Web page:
5. Return pot of pickling liquid to a medium-high heat and bring to a boil. Drain peaches, discarding soaking water, and add to pot.  Return to a boil.  Reduce heat and simmer, gently stirring occasionally, for about 5 minutes or until peaches are tender when pierced with the tip of a knife.  Remove from heat.  Remove spice bag, squeezing out excess liquid.  If desired, untie bag and reserve spices.
  6. Divide reserved spices (if using) evenly among hot jars. Using a slotted spoon, pack peaches into jars, rounded side down, leaving 1 inch headspace.  Remove air bubbles and adjust headspace as necessary by adding hot pickling liquid.  Wipe rim and place hot lid disc on jar.  Screw band down until fingertip-tight.
  7. Place jars in canner and return to a boil. Process for 20 minutes.  Turn of heat, remove canner lid and let jars stand in water for  5 minutes.  Transfer jars to a towel=lined surface and let stand for 24 hours.  Check lids and refrigerate any jars that are not sealed.


Recipe from The Complete Book of Pickling by Jennifer MacKenzie.

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I have a confession: I am unable to throw away bruised fruit!  Instead, I make all sorts of sauces and jams each year (and ciders) so that the bruised fruit is “rescued.”  Last season, I attempted to make pear butter with this recipe, but was too impatient and instead of being butter, it was sauce.  My daughter loved it so much she requested more of it this season!  Hope you enjoy it, too, whether you’re impatient like I am and will settle for sauce, or are patient enough to wait for it to turn into butter!


12 ripe pears, peeled and chopped

¾ C sugar

Juice of 1 lemon

¼ C water

3 2-inch strips lemon zest, ¼ “ wide

1 vanilla bean

  1. Combine all the ingredients in a heavy 8-qt saucepan.  Cook over low heat for 2 ½ hours, until fruit is very soft.  Be careful not to burn.  Stir frequently.
  2. Remove vanilla bean and the strips of lemon zest.
  3. Put the mixture through a food mill (or use an immersion blender).  Pour into sterile jars.  Cap and seal.
  4. Refrigerate immediately or preserve via water bath method for 15 minutes.

From Preserving the Harvest by Carol W. Costenbader

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3-4 pluots; pitted and finely diced
2 Asian Pears; cored and finely diced
1 medium red onion, finely chopped
1/2 – 1 Jalapeño pepper, finely chopped
1/4 cup chopped cilantro
Juice of 1 lime
Salt to taste


Combine ingredients in a medium bowl and serve with tortilla chips or over grilled fish.
May be made a day ahead.

From Kingsburg Orchards (www.kingsburgorchards.com)

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Makes: 8 four ounce jars or 4 eight ounce jars


  • 1 pound plump, very fresh jalapeños
  • 6 large garlic cloves, peeled but not crushed
  • 2 cups any white vinegar with 5% acidity
  • 2 tablespoons Kosher salt
  • 1/3 cup wildflower or clover honey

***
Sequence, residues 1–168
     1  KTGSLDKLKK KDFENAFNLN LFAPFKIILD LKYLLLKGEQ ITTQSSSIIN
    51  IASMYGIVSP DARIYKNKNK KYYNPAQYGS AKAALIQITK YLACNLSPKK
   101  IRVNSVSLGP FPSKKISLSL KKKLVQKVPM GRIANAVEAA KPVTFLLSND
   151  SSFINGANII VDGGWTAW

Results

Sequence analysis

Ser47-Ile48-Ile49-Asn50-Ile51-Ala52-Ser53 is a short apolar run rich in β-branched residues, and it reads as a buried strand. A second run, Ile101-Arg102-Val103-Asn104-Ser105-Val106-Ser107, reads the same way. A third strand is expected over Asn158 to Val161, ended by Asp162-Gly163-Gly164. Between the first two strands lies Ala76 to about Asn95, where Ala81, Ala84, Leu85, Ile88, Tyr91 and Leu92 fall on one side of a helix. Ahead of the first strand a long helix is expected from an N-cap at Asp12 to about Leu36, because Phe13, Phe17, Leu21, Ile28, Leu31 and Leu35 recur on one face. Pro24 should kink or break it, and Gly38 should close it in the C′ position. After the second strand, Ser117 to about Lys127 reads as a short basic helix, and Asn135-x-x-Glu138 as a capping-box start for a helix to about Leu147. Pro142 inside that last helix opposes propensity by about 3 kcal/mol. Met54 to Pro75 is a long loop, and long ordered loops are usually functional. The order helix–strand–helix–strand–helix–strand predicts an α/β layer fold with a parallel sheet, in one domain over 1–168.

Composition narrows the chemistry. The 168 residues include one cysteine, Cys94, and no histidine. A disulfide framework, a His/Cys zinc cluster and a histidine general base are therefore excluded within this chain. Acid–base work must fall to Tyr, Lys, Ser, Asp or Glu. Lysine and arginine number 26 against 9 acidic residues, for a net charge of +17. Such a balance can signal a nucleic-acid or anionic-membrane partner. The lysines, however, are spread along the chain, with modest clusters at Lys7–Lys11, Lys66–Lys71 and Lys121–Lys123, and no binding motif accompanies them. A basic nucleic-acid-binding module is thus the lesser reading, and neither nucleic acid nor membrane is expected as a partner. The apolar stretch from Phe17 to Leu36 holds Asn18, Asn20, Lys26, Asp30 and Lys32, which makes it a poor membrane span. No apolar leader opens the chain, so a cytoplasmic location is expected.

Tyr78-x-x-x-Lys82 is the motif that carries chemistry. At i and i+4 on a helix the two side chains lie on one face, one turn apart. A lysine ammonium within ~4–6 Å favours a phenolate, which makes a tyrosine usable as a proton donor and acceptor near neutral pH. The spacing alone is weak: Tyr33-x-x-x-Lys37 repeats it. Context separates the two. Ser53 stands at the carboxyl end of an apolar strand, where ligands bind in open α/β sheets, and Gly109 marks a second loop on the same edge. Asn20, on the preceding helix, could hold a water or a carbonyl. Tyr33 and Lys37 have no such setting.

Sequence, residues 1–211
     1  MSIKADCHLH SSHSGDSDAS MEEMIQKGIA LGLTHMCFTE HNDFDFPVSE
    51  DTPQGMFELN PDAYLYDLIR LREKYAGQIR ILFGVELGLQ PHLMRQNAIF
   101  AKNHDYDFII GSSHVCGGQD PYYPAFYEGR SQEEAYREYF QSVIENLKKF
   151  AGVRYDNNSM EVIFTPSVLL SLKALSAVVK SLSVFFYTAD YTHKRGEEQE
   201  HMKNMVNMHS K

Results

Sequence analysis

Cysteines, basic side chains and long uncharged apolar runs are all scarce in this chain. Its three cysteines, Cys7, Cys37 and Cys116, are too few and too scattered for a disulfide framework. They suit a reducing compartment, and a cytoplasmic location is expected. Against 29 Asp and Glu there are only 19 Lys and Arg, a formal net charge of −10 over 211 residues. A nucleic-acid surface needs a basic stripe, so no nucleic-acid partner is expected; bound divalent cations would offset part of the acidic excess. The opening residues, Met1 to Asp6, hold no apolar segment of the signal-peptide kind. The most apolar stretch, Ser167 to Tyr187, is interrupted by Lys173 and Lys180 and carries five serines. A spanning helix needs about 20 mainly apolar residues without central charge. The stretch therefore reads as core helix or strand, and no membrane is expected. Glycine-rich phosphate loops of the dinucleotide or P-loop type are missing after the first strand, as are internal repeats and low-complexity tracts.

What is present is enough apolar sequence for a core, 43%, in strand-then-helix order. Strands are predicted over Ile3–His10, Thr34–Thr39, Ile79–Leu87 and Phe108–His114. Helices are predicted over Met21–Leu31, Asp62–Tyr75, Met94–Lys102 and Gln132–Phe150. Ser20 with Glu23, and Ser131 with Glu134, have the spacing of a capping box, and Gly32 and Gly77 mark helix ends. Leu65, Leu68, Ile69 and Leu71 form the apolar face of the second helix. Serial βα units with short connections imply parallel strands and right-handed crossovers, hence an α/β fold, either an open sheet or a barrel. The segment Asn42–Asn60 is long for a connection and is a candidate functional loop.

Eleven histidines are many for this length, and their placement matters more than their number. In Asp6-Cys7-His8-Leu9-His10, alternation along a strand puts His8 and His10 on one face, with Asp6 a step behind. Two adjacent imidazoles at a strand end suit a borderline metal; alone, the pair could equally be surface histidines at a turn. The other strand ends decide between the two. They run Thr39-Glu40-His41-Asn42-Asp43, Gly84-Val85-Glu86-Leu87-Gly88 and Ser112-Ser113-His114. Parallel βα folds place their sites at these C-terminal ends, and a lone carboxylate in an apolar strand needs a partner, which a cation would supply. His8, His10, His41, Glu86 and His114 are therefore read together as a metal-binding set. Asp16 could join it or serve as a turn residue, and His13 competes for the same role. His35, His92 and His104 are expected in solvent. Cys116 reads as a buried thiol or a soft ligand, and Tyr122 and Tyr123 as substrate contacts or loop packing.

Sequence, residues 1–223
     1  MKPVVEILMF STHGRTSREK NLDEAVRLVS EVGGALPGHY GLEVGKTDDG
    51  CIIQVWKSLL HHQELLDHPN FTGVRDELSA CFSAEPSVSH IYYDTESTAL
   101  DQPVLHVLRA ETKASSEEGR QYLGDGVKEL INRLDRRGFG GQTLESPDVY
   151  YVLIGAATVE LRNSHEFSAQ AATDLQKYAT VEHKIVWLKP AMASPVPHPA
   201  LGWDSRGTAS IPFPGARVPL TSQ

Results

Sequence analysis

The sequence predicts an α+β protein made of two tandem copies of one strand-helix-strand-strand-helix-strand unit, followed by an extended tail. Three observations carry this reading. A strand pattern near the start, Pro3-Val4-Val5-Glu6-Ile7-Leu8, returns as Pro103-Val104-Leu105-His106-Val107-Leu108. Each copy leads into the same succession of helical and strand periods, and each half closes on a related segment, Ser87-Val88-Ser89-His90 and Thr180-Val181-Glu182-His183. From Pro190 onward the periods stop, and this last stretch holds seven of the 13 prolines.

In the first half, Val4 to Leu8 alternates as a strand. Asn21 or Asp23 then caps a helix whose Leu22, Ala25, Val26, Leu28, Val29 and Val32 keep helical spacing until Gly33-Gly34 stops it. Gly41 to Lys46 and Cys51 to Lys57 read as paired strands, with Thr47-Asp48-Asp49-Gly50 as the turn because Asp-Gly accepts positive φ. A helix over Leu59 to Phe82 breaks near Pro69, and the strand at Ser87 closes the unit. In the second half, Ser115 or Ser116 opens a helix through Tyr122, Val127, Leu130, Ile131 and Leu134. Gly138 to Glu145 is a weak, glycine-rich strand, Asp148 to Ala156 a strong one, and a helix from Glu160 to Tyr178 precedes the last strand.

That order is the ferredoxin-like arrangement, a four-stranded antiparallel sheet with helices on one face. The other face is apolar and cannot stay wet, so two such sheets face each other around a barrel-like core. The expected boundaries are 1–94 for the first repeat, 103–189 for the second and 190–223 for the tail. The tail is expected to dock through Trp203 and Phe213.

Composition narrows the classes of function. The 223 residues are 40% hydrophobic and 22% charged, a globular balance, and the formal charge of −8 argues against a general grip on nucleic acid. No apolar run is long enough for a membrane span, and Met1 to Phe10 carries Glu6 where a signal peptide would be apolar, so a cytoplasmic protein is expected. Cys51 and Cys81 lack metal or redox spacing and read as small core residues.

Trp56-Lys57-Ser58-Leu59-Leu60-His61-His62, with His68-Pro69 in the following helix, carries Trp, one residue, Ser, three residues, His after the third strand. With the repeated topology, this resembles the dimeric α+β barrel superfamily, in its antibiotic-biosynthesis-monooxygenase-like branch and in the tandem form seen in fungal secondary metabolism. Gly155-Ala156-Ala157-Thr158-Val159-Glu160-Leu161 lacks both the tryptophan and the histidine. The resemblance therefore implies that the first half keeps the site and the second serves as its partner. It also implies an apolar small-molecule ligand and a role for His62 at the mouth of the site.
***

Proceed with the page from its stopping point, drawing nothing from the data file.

• 3 thin rounds dried pineapple, torn into pieces
  • 1/2 teaspoon Coleman’s mustard
  • 1/4 teaspoon ground ginger or galangal

In a dry, heavy, cast iron pan on high heat, char the jalapeños and garlic until blistered on all sides, six to eight minutes. Place the charred chilies and garlic in a bowl and cover with a tea towel to steam for ten minutes.

Wearing gloves, stem and roughly chop the chilies. Remove or retain the seeds, depending on your tolerance for heat. If keeping the seeds, toast them lightly in the dry, cast iron pan. (see headnote)

Combine the vinegar and salt in a one-quart jar with cover. Shake or swirl to dissolve the salt. Add the chopped chilies and garlic, cover and leave overnight on the counter.

Put the vinegar mixture in a 3-quart heavy, non-reactive pot. Add the honey, dried pineapple, mustard and ginger. Cover and bring to a strong boil for three minutes. Do not stand over this pot and breathe in the scent – it is unbearably irritating to the sinuses and the eyes and just not fun.

Puree the slurry in a blender, in batches, being cautious not to overfill the beaker. Run the blender for several minutes (depending on the strength of your mixer’s motor), until thoroughly smooth.

Press the mixture through a fine mesh strainer back into a 3-quart pot. If you find there are still large pieces of chili or garlic remaining in the strainer, put them back in the blender and continue to puree.

Return the pureed hot sauce to the pot and bring it back up to a boil for five minutes. Dip the tip of a spoon in and taste just a drop. It’s mighty powerful, or should be. If you want it to be a little sweeter, add honey by the teaspoon, stir and taste again.

Ladle the sauce into warm jars, allowing for ½-inch headspace. Process in a boiling water bath (see sidebar) for ten minutes.

The hot sauce is shelf stable for one year. It may separate; shake well before using. If you have created a sauce that is just way too hot, there is a way to reclaim it. After opening the sealed jar, to every four ounces of hot sauce, add one tablespoon vinegar (or beer or bourbon or water), shake well, and store in the refrigerator.